Have you or a family member been told your heart is not working like it should? Maybe you have been to see a cardiologist for a heart evaluation and given option for changing lifestyle habits or having heart surgery. It might be helpful to get another patient's heart care perspective. Read these stories from the heart:
Minimally invasive procedure helps Mike Sandor’s heart keep the beat
In the past, repairing a heart valve would have required open heart surgery. But Dr. Thomas Carmody told Mike that he was a good candidate for a minimally invasive heart surgery. Instead of a foot-long incision through the middle of his chest, Mike would need just a 2.5-inch incision between two ribs. That location allows surgeons to access the heart without splitting the breastbone. The result: less pain for most patients, and a much quicker recovery. Read how minimally invasive heart surgery improved Mike's recovery.
Barbara Vinck gets back to life after heart surgery
Barbara had a procedure known as coronary artery bypass grafting, or CABG, in which healthy blood vessels are taken from the leg and chest and used to bypass the blocked areas to improve blood flow to the heart. Barbara says she was not fazed by the prospect of having major heart surgery, and she trusted in her cardiovascular surgery team. Read how the CABG procedure got Barbara energized for a new year.
Going all out to ease Lauren Hoel's surgical fears
Lauren was born in 2011 with a heart murmur that hadn't yet resolved on its own. After testing, she was diagnosed with transposition of the great arteries, an atrial septal defect, a ventricular septal defect and an interrupted aortic arch. She had her first open-heart surgery at Mayo Clinic in Rochester, Minnesota, when she was just 12 days old, a second 8 months later and a third in 2017. While not the most complicated of the three, the third surgery was the most difficult for Lauren to get through because she was old enough to know what was about to happen to her body. Read how Lauen's care team provided compassionate, creative care.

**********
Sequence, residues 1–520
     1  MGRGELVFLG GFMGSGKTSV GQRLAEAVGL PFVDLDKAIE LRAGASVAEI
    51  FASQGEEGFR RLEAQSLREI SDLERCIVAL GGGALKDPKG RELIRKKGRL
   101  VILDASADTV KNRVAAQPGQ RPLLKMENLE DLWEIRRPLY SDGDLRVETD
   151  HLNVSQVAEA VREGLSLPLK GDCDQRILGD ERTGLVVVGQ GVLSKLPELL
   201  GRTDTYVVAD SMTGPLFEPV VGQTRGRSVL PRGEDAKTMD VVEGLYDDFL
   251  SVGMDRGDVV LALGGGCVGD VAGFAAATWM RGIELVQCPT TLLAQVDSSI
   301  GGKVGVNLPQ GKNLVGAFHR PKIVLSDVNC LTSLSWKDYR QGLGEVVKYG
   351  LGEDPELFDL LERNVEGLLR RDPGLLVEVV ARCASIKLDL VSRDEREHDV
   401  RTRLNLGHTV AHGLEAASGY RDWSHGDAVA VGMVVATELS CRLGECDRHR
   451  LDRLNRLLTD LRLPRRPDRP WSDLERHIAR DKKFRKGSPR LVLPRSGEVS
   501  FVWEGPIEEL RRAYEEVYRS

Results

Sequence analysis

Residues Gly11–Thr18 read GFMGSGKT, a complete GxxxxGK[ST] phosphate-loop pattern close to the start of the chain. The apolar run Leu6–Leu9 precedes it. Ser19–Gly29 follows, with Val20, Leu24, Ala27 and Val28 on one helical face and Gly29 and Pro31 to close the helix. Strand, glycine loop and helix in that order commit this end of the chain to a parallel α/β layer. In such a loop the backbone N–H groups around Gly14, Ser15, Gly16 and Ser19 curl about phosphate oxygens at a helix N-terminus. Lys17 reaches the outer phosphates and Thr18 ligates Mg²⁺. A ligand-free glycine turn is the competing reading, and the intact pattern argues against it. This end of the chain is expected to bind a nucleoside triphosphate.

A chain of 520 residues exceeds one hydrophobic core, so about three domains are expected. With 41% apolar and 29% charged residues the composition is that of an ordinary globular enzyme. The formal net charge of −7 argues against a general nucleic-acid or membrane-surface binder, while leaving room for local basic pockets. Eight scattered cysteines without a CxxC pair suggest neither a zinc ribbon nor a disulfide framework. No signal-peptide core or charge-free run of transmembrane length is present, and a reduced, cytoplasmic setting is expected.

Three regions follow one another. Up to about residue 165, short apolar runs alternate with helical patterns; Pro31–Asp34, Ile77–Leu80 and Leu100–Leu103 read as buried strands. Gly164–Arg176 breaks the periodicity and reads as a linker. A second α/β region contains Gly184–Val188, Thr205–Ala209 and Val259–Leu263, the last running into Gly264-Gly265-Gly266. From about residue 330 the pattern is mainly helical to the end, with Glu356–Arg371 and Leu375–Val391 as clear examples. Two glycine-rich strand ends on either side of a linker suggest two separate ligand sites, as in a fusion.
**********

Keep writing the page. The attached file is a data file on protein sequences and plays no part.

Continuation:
Heart care gives Pat Rozeske a new rhythm
Pat didn’t have the typical or common signs of heart failure, such as chest pain, pain in other parts of the body, headaches, heart palpitations or dizziness. Instead, she was admitted to he hospital for difficulty breathing and what she thought was the flu. But after testing, she was diagnosed with heart failure. Pat’s care team discovered that she had an irregular heartbeat, called atrial fibrillation, and a leaking mitral valve. Read how cardioversion and minimally invasive heart surgery restored Pat's heartbeat back to normal.